“Refugees and The Right To Bear Arms,” Today at 3 p.m. ET (12 p.m. PT)

Today we’ll discuss the recent terrorist atrocities as well as the debate over the admission of Syrian refugees that has arisen as a result of these attacks. Also planned is a discussion of the importance of the right to bear arms, particularly today. See Program Notes, below, for all the stories, etc., I plan to discuss.

Join in live, either by phone or in the chatroom!

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Program Notes

Dozens feared dead as hostage situation in Mali hotel apparently ends

Mayor Bill de Blasio and Police Commissioner Tell New York City to Ignore New ISIS Video

Apple, Google, and Microsoft-backed group rejects calls for weaker encryption after Paris attacks HT Rob Abiera

Only 28% Support Obama’s Plan for Syrian Refugee Migrants

There Are Serious, Unbigoted Reasons to Be Wary of a Flood of Syrian Refugees

Why the Terrorist Refugee Infiltration Prevention Act of 2015 is necessary

Ted Cruz Once Again Mentions Ayn Rand on the Floor of the Senate

Obama Wants to Defeat America, Not ISIS

A Thirty-Year War—If Americans Will Have It

EXCLUSIVE: Ted Cruz Discusses His Plan to Keep America Safe

Clinton Goes after Laugh Factory Comedians for Making Fun of Her

Second Amendment: “A well regulated militia being necessary to the security of a free state, the right of the people to keep and bear arms shall not be infringed.”


Filed under Don't Let It Go...Unheard

2 responses to ““Refugees and The Right To Bear Arms,” Today at 3 p.m. ET (12 p.m. PT)

  1. Craig

    Are Venezuelans Shrugging?
    Merchants Must Rebel against State-Mandated “Fair Prices”

    by Andrea Rondón García


    “When you see that trading is done, not by consent, but by compulsion — when you see that in order to produce, you need to obtain permission from men who produce nothing — when you see that money is flowing to those who deal, not in goods, but in favors — when you see that men get richer by graft and by pull than by work, and your laws don’t protect you against them, but protect them against you — when you see corruption being rewarded and honesty becoming a self-sacrifice — you may know that your society is doomed.” — Ayn Rand, Atlas Shrugged.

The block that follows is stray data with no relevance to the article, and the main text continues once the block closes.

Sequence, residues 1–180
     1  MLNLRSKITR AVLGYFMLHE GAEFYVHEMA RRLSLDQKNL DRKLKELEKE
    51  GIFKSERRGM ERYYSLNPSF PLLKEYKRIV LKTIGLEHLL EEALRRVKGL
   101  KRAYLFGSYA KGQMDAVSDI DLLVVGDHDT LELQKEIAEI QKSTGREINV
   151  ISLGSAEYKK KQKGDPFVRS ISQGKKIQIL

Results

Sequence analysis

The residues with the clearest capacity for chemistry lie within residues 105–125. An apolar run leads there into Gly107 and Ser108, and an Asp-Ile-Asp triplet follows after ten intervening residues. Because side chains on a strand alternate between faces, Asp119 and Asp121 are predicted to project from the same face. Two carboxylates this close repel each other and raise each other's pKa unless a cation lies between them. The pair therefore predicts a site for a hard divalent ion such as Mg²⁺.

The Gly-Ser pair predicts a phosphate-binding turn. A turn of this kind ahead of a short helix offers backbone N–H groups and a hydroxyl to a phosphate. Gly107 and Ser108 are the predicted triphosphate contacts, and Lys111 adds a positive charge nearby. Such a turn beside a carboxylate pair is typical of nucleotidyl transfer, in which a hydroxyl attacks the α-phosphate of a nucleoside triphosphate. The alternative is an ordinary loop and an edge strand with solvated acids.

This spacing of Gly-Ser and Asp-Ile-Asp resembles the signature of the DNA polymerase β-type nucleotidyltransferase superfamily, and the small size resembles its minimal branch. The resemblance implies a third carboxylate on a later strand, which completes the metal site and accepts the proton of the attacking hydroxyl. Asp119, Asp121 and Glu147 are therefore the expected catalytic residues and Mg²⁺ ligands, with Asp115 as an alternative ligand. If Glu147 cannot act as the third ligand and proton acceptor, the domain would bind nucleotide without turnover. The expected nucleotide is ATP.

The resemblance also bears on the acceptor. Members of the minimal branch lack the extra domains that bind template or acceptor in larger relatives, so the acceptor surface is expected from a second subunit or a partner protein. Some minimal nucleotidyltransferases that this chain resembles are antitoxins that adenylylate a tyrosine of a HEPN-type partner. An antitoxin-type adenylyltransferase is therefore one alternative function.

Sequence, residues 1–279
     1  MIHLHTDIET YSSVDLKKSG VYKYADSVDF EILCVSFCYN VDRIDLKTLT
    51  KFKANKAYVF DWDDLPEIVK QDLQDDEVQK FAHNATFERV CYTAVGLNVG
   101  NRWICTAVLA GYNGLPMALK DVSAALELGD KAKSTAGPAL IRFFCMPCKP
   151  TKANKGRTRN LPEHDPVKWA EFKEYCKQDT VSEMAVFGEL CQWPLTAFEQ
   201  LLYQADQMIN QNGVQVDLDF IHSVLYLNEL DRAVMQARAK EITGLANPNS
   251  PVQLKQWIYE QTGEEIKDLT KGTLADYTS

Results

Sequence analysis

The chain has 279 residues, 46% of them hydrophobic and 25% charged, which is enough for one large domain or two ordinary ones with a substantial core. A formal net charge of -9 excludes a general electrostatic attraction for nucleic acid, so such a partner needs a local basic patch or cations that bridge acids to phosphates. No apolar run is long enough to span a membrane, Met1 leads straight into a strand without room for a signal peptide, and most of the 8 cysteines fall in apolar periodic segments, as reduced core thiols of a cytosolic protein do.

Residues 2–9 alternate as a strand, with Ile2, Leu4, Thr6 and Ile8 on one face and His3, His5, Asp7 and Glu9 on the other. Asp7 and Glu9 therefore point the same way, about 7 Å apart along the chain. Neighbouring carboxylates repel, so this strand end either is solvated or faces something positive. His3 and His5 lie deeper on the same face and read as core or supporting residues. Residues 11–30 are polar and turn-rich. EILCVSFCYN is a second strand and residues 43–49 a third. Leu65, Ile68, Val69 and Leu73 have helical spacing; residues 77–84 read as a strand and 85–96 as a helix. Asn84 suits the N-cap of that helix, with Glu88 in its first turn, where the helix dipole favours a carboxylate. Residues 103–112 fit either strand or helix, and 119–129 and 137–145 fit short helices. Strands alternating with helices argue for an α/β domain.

In 1957, Russian-born writer Ayn Rand wrote Atlas Shrugged, an engaging and enjoyable novel with many time-proven lessons.

    I bring it up because the current crisis in Venezuela is ominously similar to the dystopia in the book, whose entrepreneurs vanish as they grow tired of the state looting the fruits of their labor. They shrugged.

    Recently, the Venezuelan government unveiled the latest installment of its surreal economic-interventionism saga. In updating the Fair Prices Act, the Nicolás Maduro administration decided to fix the price of one of the most highly consumed basic-food products, a pack of 30 eggs, at 420 Bs. (US$0.5). It used to cost around 1,200 Bs. (US$1.40).

    Unlike what has happened with other products, this measure won’t result in people lining up to stock up on eggs, or periodic shortages in stores. What will happen is that eggs will simply disappear in Venezuela.

    Anyone with a modicum of respect for himself and his work would refuse to sell at a loss. Case in point: in Falcón state, the owner of a grocery store decided to break his eggs instead of complying with the government mandate. The photo speaks for itself.

    I can only applaud the brave man. By destroying his product, he chose to tell the state that he won’t sell at a loss, that he is free to do as he pleases with the fruit of his labor, and that no armchair official will tell him what to do.

    With this gesture, he symbolically joined Galt’s Gulch, a remote place in the mountains where the entrepreneurs and creators in Atlas Shrugged retreat to once they realize society no longer values their contributions. There they can develop their potential, limited only by other people’s rights. It’s a place where talent and ingenuity aren’t looted or punished, and where people don’t try to impose equality, the most violent act of all.

    This individual refused to comply with a nonsensical regulation demanded by officials who know nothing about his trade, but want to control it. What these bureaucrats don’t understand is that the fair price is the market price.

    After reading Atlas Shrugged, I couldn’t help pick up Ayn Rand’s other books The Virtue of Selfishness and Capitalism: The Unknown Ideal.

    I deeply regret that those who pretend to run this country don’t have the faintest idea about objectivism, and the legacy of Scottish philosophers such as Adam Smith and David Hume. They don’t understand that peacefully pursuing one’s self-interest benefits everyone.

    A renown professor at the Catholic University of Andrés Bello, Antonio Canova, said that “when a country’s vice president declares how much ‘a pack of eggs’ should cost, it’s clear that this is no longer a country.”

    Our legislation now has more mandates — prohibitions and authorizations — than proper laws, and sometimes it looks like this isn’t a country.

    But the merchant who shrugged is part of this country, just like thousands of Venezuelans who struggle for liberty every day, including Canova and myself.

    As the poet George Steiner used to say, I want to keep committing the error of having hope, and think that there are thousands of John Galts, Francisco d’Anconias, and Dagny Taggarts left in Venezuela.


    Translated by Adam Dubove.

    Andrea Rondón García has a PhD in Law from the the Central University of Venezuela, and teaches at the Andrés Bello Catholic University. She is the director of CEDICE’s Property Rights Committee, and academic director of the Ludwig Von Mises Institute in Venezuela. Follow @arondon75.

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